The Mirror of Galadriel
Love, according to the ancient chorus, is all you need. Echoing inspired poet and courtly minstrel alike, love is described as facilitating all things, so that “there’s nothing you can do that can’t be done,” etc, etc when taking into account that “all you need is love.” With a Christian perspective keen to capitalize the letters of all words in order to instill within them the Divine, this Love has some substance to it, though it requires long theological exegesis to grapple. However, in its original coleopteran orientation, this sentiment is blatherskiting falderal. If love is all one needs, then what is love?
Fortunately, C.S. Lewis, in his beloved (and ever topical for St. Valentine’s Day) volume The Four Loves, comes to the rescue. For Lewis, the power of love derives from its diversity of orientations and meanings: need-love and gift-love, liking versus loving, natural and pleasurable. Ultimately, Lewis parses the single English word “love” into four major categories as understood from the Greek: Affection (Storge), Friendship (Philia), Romance (Eros), and Charity (Agape). These four, taken alongside certain sub-loves towards objects such as nature and country, rarely appear in their pure forms. Reflecting upon them in isolation, however, helps to understand them when they appear in their mixed and convoluted forms.
The Lord of the Rings is a book of love, though the love modern society most readily associates with love, that of romantic eros, is perhaps the hardest to uncover in the pages. Glimpses of Arwen have hinted at a possibility below the surface, and Eowyn of Rohan will soon ride on to the pages of this tale. Yet it is certain that eros is not the love which Tolkien wishes to dwell upon. And while storge meanders its way through the paths of Middle-earth (consider Frodo’s fondness for Bilbo, or Gandalf and Aragorn’s affection for the hobbits of the Shire) and agape is a crucial component to the feats of the Fellowship of the Ring (the charity in which will make itself evident over time), nevertheless it is philia, friendship, where Tolkien invests heavily in the infrastructure of love.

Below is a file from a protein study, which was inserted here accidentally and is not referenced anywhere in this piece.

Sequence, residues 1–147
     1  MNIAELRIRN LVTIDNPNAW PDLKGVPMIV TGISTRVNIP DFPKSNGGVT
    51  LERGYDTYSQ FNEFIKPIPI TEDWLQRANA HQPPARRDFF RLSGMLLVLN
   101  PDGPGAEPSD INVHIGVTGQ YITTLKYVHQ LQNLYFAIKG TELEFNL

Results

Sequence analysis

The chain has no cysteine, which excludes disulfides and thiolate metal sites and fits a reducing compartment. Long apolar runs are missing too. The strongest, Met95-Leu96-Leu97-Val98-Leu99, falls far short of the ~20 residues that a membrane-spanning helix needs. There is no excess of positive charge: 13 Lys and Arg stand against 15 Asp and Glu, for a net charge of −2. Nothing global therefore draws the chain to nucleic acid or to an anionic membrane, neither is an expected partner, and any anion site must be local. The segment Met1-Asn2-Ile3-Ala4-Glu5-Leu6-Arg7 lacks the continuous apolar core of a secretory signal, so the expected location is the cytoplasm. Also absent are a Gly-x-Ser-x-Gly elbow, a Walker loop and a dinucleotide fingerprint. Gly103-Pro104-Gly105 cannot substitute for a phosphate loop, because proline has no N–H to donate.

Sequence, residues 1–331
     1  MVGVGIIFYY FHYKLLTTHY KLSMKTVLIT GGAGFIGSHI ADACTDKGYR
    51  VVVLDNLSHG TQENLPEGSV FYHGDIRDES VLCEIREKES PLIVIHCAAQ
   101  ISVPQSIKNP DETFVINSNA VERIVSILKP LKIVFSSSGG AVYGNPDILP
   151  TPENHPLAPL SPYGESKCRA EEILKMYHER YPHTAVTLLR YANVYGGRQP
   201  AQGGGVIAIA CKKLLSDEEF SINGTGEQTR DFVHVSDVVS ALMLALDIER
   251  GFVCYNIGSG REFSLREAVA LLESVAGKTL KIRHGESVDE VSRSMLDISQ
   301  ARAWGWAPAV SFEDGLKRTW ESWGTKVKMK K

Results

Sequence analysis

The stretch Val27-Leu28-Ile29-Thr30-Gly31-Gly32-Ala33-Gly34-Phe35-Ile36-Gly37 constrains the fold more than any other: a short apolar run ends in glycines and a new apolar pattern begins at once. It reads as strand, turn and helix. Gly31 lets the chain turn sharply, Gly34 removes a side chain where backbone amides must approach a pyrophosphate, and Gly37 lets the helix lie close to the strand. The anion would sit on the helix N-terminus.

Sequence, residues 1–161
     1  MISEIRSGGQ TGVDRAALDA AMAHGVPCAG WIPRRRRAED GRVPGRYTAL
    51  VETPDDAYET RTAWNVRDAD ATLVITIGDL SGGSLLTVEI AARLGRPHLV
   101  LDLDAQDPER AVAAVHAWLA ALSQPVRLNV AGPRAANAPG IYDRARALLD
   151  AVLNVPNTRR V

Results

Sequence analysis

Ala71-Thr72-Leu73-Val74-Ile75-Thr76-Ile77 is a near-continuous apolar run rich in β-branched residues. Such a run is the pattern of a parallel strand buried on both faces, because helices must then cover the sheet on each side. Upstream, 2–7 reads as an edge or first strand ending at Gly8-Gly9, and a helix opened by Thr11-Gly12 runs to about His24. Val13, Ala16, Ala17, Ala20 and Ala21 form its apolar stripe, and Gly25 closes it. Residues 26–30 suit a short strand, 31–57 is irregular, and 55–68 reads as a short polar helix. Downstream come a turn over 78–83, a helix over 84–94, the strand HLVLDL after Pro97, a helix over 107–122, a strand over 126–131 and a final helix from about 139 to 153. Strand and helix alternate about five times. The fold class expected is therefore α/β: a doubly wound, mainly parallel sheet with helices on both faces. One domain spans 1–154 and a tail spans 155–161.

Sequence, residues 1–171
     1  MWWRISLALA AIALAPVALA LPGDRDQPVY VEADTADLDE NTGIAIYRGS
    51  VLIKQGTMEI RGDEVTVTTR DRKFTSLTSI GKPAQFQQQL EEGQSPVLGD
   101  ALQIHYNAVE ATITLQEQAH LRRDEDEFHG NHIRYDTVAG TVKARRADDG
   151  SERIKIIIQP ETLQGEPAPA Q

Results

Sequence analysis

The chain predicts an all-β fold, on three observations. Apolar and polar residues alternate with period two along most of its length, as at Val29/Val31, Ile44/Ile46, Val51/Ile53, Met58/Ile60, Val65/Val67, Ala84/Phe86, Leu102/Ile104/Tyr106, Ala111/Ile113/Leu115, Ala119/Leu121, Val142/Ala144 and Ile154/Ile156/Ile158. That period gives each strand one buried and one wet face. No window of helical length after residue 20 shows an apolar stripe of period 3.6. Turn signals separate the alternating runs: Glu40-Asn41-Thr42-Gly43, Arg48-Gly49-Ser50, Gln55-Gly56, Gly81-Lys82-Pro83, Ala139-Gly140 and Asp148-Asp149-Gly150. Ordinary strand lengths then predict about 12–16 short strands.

Lewis himself notes that he cannot think of a modern novel that has celebrated the love of friends. The notion of “friends, side by side, absorbed in some common interest,” seeking out “the same truth,” is a challenging “love” to depict on the written page. Yet The Lord of the Rings is full of them, and even in Lorien alone we the unpredicted friendship between elf and dwarf bud as Legolas “took Gimli with him when he went abroad in the land, and the others wondered at this change.” There is the friendship between each member of the Fellowship and Gandalf, whose loss they feel so poignant as grief. There is the friendship between Sam and Frodo that will keep Sam on “the long road with Mr. Frodo,” though the beauty of his beloved Shire is in danger. There is a deep and tremendous power in the love of friends that unites as one old enemies, inspires songs, and keeps one side by side through danger and darkness.
And so, on this day of Valentines, there is a value in celebrating love more broadly. To lavish attention solely upon spouse or significant other diminishes the festival’s potential. Honor friends. Give thanks for land and country. Remember old affections. Live out charity. Love is perhaps all we need, but only in its expanding variety. To ret-con the venerable verses:
“All you need is storge,
All you need is eros,
All you need is philia, agape,
Love is all you need.”
2015’s Reflection: “On What Even the Wisest Cannot Tell”